23. Topic 2 – Advanced Resuscitation and Oxygen Administration Learning outcomes • Oxygen equipment components • Oxygen equipment safety precautions • Equipment checks • Oropharyngeal (OP) airways 24

  24. Why use oxygen? Oxygen is useful in most situations where the casualty does not appear adequately perfused (oxygenated) • Increases oxygen uptake • Promotes recovery in most first aid situations • Minimises risk of cross-infection 25

  25. Why use oxygen? Unconciousness Chest pain After resuscitation Shock Circulatory distress Anaphylaxis Injuries Asthma Blood loss Shortness of breath Severe pain Not breathing

  26. The respiratory system

  27. The breathing process

  28. Respiratory noises • Cough • Wheeze • Stridor • Gurgling • No sound 29

  29. Respiratory conditions • Hypoventilation • Chronic Obstructive Airways Disease (COAD) • Asthma • Hyperventilation 30

  30. Oxygen resuscitation equipment 31

  31. Oxygen equipment components 32

  32. Activity 33

  33. Oxygen equipment 34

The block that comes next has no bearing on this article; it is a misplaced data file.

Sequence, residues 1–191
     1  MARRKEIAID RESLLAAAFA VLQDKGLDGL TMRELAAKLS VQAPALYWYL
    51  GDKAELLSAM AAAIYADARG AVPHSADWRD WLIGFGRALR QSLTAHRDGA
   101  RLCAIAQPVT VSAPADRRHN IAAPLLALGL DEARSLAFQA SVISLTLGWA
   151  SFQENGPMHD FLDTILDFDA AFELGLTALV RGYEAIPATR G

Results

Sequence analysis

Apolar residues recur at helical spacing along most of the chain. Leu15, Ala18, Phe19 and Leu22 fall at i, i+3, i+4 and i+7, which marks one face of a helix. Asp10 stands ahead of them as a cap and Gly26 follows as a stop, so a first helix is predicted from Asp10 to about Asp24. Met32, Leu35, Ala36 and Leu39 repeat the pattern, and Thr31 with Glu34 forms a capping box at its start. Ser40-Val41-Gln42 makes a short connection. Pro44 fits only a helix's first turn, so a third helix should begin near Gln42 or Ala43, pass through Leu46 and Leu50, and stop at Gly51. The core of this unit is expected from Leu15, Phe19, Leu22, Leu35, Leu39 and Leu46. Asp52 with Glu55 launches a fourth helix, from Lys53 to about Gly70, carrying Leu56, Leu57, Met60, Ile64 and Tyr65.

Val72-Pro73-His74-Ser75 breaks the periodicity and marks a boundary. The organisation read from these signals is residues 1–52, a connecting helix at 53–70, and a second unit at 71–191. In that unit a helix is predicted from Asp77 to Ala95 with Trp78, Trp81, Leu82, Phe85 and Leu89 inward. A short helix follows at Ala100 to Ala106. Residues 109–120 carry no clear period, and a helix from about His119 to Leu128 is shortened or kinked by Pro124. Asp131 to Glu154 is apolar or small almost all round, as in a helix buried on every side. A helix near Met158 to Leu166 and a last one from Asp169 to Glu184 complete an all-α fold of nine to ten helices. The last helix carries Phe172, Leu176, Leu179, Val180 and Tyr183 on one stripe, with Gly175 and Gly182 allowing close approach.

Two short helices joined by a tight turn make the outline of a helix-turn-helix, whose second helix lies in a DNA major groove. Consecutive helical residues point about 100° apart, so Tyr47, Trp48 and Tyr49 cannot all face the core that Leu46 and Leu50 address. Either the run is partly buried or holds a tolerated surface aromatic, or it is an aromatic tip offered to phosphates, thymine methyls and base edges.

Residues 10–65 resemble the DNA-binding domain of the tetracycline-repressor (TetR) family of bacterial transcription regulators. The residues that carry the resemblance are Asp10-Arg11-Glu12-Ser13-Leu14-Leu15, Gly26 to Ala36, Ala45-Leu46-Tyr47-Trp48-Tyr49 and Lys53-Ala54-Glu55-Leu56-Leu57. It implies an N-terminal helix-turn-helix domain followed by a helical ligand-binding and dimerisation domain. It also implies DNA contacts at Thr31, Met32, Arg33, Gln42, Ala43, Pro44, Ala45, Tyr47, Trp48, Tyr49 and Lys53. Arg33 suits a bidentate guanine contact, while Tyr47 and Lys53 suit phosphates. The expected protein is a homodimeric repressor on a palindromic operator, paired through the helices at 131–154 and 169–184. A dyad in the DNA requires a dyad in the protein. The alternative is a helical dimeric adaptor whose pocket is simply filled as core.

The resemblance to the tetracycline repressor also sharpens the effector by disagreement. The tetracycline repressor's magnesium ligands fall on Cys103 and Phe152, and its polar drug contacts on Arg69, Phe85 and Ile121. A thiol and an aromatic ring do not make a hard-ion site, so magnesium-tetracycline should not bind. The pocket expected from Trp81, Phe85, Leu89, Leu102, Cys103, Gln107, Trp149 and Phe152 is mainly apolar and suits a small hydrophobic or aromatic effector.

34. Safety precautions Oxygen must be used with care and respect at all times • Never use oxygen near an open flame • Never use oxygen near cigarettes • Never use grease or oil with oxygen equipment • Never use oxygen when delivering a shock via a defibrillator

  35. Oxygen cylinders C size Pin indexed. 440-490L capacity. White/blue sleeve over outlet of full bottle. White cylinder labeled Medical Oxygen (changed from black with white shoulder to all white between September 2009 and June 2011) • Operational times: 50 Min, Therapy (8L per min). • 30 Min, Resus (14-15L per min). • Replace cylinders when less than half full (can be used for training). 36

  36. Preparing cylinders for use Check heat warning tag. Remove protective plastic wrap. Open or ‘crack’ valve safely. Ensure yoke is clean and dry, sealing washer in place. Attach the yoke – do not over tighten. Slowly open valve fully, then back half a turn. Check contents (Under half full replace), Ensure system is free of leaks. When finished using, turn valve off, then release pressure from regulator. Mark cylinder with contents and date checked Protective plastic wrap Heat warning tag 37